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Family medicine: Working through the pandemic, mother/daughter doctors in Sudbury find time to celebrate Mother's Day
SUDBURY -- It'll be a nice and quiet Mother's Day at the family hobby farm for Dr. Michele Brule, a surgeon who's working during the pandemic at Health Sciences North.
Brule, who has been practising medicine for 27 years, is also a proud mom of three children. Her daughter, Dr. Kara Nadeau, is a surgical resident at HSN who has been inspired by her mom, to say the least.
"I've been so privileged to have her in my corner helping me all the way along -- the best mentor and role model that you could ever hope for," said Nadeau.
"We're also staying together right now, so I have the privilege of her knowledge outside of the hospital, as well, and we've had the opportunity to make great memories that we never would have been able to have otherwise."
Nadeau has been working away from the hospital, while her mom has been on a reduced workload because of the pandemic, doing maybe a third of her usual surgeries.
"We're still doing lots of emergencies, and general surgery is typically non-elective for emergencies and oncology cases," said Brule. "So we've slowed down at the hospital. It's much quieter, just doing emergencies and urgent cases."
When not at the hospital, the two live on a hobby farm where they've been rescuing animals. Their menagerie includes dogs, cats, horses, a donkey and a pig named "Reggie."
"There's always work to be done, but I kind of have the animals on self-serve, I call it," said Brule.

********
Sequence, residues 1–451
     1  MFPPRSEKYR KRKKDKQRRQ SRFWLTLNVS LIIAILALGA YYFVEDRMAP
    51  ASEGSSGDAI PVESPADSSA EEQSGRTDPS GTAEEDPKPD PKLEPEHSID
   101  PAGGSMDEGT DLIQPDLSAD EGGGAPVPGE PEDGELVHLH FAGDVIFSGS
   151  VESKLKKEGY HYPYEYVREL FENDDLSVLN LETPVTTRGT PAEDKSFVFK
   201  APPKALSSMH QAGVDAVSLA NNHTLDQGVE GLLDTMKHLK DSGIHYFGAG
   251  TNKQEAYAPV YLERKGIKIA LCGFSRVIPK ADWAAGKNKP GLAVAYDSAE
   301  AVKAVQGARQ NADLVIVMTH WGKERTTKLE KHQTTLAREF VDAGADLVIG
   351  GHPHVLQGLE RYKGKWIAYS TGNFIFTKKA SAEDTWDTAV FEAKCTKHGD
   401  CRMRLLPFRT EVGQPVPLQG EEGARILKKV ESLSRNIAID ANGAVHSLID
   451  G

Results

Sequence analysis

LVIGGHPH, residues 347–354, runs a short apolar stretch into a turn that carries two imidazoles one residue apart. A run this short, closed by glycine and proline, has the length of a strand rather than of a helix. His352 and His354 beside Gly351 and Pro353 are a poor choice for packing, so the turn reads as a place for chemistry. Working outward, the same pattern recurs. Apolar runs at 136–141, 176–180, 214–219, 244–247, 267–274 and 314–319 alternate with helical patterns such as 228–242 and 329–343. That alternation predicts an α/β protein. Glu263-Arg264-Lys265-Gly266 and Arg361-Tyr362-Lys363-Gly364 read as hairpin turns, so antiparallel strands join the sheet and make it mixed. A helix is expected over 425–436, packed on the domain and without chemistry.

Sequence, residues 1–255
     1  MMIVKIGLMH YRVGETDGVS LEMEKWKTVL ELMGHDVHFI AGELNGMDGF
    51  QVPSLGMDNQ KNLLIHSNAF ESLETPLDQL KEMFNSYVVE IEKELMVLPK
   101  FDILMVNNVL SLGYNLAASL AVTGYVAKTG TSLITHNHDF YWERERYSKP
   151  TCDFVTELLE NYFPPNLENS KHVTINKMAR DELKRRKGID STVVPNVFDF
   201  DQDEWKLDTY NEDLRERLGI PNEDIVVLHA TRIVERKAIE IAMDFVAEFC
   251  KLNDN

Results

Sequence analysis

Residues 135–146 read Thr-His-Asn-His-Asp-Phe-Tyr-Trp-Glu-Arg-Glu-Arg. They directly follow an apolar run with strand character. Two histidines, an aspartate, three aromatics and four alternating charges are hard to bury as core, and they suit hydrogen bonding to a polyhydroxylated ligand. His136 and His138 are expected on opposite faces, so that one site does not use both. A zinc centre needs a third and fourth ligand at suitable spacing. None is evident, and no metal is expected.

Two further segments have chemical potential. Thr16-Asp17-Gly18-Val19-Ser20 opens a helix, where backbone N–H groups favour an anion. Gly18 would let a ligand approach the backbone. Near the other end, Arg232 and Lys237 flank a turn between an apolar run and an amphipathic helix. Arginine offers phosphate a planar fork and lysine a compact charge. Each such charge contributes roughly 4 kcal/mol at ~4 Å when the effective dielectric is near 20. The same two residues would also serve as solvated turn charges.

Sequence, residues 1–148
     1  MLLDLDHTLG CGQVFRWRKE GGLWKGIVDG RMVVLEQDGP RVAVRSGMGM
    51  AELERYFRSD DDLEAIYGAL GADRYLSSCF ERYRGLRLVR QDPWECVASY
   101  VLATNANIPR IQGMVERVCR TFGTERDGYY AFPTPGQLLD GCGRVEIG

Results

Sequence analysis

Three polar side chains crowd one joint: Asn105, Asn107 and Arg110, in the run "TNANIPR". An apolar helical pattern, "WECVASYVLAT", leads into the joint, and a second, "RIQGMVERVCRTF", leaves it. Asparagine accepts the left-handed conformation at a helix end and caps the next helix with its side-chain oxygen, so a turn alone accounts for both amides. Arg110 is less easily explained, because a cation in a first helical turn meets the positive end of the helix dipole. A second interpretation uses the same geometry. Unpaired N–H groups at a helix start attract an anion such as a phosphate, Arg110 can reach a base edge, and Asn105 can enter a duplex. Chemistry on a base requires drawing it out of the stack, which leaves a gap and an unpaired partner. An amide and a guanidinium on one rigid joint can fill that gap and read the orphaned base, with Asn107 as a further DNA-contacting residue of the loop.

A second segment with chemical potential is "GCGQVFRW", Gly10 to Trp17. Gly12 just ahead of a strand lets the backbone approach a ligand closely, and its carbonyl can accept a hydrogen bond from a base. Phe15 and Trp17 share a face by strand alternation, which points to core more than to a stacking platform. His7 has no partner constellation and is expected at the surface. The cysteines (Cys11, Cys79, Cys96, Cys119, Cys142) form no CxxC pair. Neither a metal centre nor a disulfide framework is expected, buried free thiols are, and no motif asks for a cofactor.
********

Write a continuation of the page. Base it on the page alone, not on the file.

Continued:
For Mother's Day, Nadeau is planning a quiet day at the farm with her mother and preparing her homemade eggs Benedict.
"So originally I was on call, but now I'm on call the day before, so we'll be home," said Brule. "My favourite pastime is walking and going for a walk on the trail with the animals, so that's usually the plan."
Both say they are proud of what the other has been able to accomplish. Once she's finished her residency, Nadeau's goal is not only to work in Sudbury, but to be in an operating room alongside her mom before she retires.
"It's very interesting to see my mom in a whole new light," she said. "When I was young, she would disappear for hours on end and come back. But now I see how attentive she is, and how caring she is with her patients and every little detail that matters. She's really a great role model and I couldn't hope for anything more."
Following in the footsteps of your parents is one thing, but following in the footsteps of your mother who's working on the frontline during a pandemic is something else entirely.
It's never phased Brule, though, who she says she doesn't worry about her daughter because she's so confident in her abilities.
"I think, you know, if people practise social distancing and wash their hands, you know they're going to be well," she said. "So instead of worrying about, it I think it's important just to do it." "We tend to see each other a fair amount, we have about 10 surgeons here in Sudbury and so one out of 10 are pretty good odds for working together," said Nadeau. "I work with the whole team, as well, but we do spend a fair bit of time together in the operating room and I'm very lucky to have that."